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Prognostic significance of clinical seizures after cardiac arrest and target temperature management

Lybeck, Anna LU ; Friberg, Hans LU ; Aneman, Anders; Hassager, Christian; Horn, Janneke; Kjærgaard, Jesper; Kuiper, Michael; Nielsen, Niklas LU ; Ullén, Susann and Wise, Matthew P, et al. (2017) In Resuscitation 114. p.146-151
Abstract

Aim: Clinical seizures are common after cardiac arrest and predictive of a poor neurological outcome. Seizures may be myoclonic, tonic-clonic or a combination of seizure types. This study reports the incidence and prognostic significance of clinical seizures in the target temperature management (TTM) after cardiac arrest trial. Our hypotheses were that seizures are associated with a poor prognosis and that the incidence of seizures is not affected by the target temperature. Methods: Post-hoc analysis of reported clinical seizures during day 1-7 in the TTM-trial including their treatment, EEG-findings, and long-term neurological outcome. The trial randomised 939 comatose survivors to TTM at 33. °C or 36. °C with strict criteria for... (More)

Aim: Clinical seizures are common after cardiac arrest and predictive of a poor neurological outcome. Seizures may be myoclonic, tonic-clonic or a combination of seizure types. This study reports the incidence and prognostic significance of clinical seizures in the target temperature management (TTM) after cardiac arrest trial. Our hypotheses were that seizures are associated with a poor prognosis and that the incidence of seizures is not affected by the target temperature. Methods: Post-hoc analysis of reported clinical seizures during day 1-7 in the TTM-trial including their treatment, EEG-findings, and long-term neurological outcome. The trial randomised 939 comatose survivors to TTM at 33. °C or 36. °C with strict criteria for withdrawal of life-sustaining therapies. Sensitivity, specificity and false positive rate for poor outcome were reported for different types of seizures. Results: Clinical seizures were registered in 268 patients (29%), similarly distributed in both intervention arms. Early and late seizures were equally predictive of poor outcome. Myoclonic seizures were the most common (240 patients, 26%) and the most predictive of a poor outcome (sensitivity 36.1%, false positive rate 4.3%). Two patients with status myoclonus regained consciousness, one with a good neurological outcome, generating a false positive rate of poor outcome of 0.2% (95%CI 0.0-1.0). Conclusion: Clinical seizures are common after cardiac arrest and indicate poor outcome with limited specificity. Prolonged seizures are a very grave sign but occasional patients may have a good outcome. The level of the target temperature does not affect the prevalence or prognostic significance of seizures.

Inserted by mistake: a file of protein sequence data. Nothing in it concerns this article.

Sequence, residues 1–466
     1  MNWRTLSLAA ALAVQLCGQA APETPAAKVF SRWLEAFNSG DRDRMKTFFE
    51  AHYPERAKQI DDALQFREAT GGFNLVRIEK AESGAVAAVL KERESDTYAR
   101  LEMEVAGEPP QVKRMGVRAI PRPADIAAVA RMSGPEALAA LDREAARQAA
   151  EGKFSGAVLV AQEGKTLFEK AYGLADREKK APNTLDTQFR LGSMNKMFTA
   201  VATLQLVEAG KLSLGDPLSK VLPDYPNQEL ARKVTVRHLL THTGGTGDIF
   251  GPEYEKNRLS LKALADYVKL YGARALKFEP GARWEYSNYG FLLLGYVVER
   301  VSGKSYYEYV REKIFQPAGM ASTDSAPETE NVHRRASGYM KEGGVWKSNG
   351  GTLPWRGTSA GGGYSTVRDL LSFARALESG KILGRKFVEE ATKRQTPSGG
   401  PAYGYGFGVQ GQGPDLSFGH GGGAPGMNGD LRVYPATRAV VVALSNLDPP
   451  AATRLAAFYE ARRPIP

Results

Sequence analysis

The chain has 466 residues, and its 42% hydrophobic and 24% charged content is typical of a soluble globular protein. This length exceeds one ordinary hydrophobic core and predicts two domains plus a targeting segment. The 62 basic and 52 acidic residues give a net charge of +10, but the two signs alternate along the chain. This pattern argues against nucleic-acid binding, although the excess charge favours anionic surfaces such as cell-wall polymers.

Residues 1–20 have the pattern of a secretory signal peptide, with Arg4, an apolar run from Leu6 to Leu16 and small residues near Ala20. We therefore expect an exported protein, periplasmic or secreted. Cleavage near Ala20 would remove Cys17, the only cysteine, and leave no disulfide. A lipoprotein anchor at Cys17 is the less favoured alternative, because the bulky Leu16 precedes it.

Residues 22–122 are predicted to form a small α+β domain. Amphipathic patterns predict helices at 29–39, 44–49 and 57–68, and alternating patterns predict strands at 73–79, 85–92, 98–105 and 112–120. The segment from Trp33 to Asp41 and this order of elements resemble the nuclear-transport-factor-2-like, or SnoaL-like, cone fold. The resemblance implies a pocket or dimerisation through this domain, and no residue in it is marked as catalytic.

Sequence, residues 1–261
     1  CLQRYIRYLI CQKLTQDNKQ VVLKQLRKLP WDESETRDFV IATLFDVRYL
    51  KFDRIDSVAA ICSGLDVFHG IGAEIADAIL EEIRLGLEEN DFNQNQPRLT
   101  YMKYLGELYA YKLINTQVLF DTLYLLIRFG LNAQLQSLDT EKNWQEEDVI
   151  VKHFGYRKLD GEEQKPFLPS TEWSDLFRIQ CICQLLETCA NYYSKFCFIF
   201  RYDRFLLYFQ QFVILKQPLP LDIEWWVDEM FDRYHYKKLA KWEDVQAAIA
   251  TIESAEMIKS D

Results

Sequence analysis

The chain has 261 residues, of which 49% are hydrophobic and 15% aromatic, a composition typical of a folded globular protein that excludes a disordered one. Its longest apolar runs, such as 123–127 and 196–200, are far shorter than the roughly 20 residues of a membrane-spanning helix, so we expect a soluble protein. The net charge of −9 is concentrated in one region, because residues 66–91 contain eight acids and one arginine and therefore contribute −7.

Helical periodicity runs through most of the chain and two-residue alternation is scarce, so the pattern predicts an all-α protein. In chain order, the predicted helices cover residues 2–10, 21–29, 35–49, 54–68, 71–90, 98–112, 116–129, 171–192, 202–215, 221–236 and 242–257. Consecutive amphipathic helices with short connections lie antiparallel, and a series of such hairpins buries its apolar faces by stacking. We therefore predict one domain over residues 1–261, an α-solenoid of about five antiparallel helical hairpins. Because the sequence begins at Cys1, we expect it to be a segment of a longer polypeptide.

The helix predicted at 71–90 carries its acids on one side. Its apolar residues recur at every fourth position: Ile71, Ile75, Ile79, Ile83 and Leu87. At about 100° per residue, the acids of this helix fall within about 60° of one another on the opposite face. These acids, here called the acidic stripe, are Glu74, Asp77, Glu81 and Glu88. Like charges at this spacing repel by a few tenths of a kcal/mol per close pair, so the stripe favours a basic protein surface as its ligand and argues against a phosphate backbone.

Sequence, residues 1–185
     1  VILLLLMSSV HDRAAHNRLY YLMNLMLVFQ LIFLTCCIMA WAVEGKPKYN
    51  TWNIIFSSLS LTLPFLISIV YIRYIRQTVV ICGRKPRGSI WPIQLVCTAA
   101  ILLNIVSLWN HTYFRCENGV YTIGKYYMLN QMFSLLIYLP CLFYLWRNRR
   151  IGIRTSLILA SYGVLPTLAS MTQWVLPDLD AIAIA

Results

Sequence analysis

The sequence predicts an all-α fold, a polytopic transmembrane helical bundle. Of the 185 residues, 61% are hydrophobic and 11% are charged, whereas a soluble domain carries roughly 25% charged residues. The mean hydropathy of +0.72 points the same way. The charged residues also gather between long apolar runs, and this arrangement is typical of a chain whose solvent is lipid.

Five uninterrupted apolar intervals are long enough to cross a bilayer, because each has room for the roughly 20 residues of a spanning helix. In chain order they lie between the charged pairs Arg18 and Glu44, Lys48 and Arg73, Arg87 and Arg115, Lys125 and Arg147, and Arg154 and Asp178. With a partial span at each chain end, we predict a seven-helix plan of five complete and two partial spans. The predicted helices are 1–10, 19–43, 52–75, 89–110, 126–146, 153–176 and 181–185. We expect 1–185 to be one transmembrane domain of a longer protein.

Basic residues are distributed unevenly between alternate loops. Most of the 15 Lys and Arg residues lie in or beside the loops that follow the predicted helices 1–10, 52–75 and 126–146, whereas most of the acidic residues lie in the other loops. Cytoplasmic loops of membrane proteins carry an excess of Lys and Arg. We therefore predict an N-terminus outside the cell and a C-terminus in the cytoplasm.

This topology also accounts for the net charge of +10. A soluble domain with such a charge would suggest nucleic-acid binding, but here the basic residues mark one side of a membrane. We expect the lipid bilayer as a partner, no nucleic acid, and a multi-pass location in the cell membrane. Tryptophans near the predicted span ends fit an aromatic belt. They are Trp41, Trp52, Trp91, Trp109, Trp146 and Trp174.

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keywords
Cardiac arrest, EEG, Myoclonus, Neurological prognostication, Seizures, Target temperature management